An inconvenient misconception: Climate change is not the principal driver of biodiversity loss

Tim Caro, Zeke Rowe, Joel Berger, Philippa Wholey, Andrew Dobson

Research output: Contribution to journalArticlepeer-review

10 Scopus citations

Abstract

The current perception that climate change is the principal threat to biodiversity is at best premature. Although highly relevant, it detracts focus and effort from the primary threats: habitat destruction and overexploitation. We collated causes of vertebrate extinctions since 1900, threat information for amphibia, birds, and mammals from the IUCN Red List, and scrutinized others’ attempts to compare climate change with commensurate anthropogenic threats. In each analysis, none of the arguments founded on climate change's wide-ranging effects are as urgent for biodiversity as those for habitat loss and overexploitation. Present conservation efforts must refocus on these issues. Conserving ecosystems by focusing on these major threats not only protects biodiversity but is the only available, economically viable, global strategy to reverse climate change.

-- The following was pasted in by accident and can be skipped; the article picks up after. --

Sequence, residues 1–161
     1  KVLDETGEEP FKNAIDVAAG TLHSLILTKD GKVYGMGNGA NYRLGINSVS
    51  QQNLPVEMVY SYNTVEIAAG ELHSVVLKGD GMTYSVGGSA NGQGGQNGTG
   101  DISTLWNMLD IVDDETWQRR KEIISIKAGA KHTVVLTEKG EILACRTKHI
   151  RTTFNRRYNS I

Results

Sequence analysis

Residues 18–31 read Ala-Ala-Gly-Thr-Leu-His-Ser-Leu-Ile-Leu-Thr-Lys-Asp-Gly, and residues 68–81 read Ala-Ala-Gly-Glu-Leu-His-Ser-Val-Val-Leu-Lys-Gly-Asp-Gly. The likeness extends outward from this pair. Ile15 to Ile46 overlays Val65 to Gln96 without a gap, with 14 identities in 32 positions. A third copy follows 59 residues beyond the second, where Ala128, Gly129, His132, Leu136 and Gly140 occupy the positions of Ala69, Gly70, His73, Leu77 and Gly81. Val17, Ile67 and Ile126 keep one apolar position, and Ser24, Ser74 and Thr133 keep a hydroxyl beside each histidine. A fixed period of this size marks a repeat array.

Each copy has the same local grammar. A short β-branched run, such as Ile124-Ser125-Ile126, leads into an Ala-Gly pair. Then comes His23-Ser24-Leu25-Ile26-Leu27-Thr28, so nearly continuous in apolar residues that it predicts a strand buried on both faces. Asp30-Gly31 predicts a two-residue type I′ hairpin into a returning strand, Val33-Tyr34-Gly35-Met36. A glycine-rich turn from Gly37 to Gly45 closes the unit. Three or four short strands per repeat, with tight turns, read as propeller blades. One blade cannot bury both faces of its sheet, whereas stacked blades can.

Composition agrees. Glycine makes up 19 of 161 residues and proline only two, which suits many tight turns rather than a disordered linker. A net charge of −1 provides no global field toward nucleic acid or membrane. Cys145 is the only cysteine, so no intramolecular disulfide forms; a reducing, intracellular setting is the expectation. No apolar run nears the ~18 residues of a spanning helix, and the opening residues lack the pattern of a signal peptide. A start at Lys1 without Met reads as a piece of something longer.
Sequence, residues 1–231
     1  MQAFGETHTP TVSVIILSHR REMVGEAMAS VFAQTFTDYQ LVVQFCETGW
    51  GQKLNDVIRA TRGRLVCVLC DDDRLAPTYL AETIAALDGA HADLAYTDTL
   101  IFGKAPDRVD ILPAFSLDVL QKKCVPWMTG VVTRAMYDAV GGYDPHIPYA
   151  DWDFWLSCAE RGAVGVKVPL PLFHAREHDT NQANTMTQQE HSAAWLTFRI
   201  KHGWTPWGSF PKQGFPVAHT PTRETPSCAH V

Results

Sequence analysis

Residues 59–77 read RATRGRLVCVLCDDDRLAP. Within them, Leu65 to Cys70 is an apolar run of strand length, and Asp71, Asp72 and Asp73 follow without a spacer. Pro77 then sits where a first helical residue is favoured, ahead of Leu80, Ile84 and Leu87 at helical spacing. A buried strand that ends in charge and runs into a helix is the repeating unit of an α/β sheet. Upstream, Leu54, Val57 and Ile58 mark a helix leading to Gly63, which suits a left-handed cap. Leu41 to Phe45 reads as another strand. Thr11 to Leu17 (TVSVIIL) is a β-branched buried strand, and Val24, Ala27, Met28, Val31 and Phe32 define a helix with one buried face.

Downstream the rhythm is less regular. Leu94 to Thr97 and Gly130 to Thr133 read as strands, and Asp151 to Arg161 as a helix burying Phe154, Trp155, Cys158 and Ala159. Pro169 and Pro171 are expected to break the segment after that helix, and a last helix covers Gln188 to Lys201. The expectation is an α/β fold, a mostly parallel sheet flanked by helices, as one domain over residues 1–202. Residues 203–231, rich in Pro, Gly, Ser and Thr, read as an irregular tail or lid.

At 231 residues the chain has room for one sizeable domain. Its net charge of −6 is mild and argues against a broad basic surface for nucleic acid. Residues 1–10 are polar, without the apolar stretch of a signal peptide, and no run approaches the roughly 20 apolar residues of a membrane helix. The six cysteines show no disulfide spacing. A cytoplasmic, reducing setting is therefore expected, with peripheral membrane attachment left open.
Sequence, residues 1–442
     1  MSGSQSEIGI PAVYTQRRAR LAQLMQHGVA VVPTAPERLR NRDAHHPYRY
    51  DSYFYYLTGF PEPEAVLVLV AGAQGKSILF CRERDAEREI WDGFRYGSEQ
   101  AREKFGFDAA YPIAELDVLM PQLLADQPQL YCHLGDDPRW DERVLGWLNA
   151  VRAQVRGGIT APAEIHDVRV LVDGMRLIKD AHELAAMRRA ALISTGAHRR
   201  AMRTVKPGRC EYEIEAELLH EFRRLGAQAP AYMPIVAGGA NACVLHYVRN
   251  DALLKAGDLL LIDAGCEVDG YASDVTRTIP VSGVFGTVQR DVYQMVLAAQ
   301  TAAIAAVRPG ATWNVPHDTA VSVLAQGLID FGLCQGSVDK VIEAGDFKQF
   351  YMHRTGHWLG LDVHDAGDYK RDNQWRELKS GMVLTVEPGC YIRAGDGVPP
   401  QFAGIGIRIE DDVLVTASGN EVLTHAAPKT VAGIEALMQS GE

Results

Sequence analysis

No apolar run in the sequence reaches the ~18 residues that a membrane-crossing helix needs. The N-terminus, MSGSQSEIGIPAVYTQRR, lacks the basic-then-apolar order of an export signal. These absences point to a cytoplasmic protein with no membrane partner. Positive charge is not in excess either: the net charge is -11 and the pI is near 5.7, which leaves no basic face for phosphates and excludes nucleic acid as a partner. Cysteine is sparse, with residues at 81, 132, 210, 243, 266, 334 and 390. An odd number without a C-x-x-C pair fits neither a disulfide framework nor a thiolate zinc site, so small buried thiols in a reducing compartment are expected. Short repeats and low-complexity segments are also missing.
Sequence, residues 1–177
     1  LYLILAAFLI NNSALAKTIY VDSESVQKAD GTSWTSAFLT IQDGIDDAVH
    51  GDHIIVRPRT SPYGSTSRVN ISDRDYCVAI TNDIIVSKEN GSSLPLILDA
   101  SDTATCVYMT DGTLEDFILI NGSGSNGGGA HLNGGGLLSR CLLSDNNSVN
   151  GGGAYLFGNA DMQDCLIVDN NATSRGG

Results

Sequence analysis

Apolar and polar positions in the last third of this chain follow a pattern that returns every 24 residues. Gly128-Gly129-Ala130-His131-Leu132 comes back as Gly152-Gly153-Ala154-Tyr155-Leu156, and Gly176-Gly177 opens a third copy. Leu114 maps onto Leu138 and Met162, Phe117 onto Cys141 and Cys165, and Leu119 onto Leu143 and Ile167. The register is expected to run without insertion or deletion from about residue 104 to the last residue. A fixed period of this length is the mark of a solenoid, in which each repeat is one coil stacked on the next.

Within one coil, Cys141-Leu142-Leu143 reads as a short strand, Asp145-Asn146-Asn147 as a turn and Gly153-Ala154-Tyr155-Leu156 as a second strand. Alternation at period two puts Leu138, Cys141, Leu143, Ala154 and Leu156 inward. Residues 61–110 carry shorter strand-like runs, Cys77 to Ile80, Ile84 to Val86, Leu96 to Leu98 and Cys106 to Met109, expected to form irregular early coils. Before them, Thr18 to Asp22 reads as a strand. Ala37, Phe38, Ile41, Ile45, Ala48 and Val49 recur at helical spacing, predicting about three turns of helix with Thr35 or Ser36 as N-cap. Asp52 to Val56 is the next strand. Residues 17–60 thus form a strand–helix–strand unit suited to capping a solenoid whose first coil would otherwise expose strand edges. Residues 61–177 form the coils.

Original languageEnglish (US)
Article numbere12868
JournalConservation Letters
Volume15
Issue number3
DOIs
StatePublished - May 1 2022

All Science Journal Classification (ASJC) codes

  • Ecology, Evolution, Behavior and Systematics
  • Ecology
  • Nature and Landscape Conservation

Keywords

  • biodiversity loss
  • extinction
  • global change
  • population declines
  • vertebrates

Fingerprint

Dive into the research topics of 'An inconvenient misconception: Climate change is not the principal driver of biodiversity loss'. Together they form a unique fingerprint.

Cite this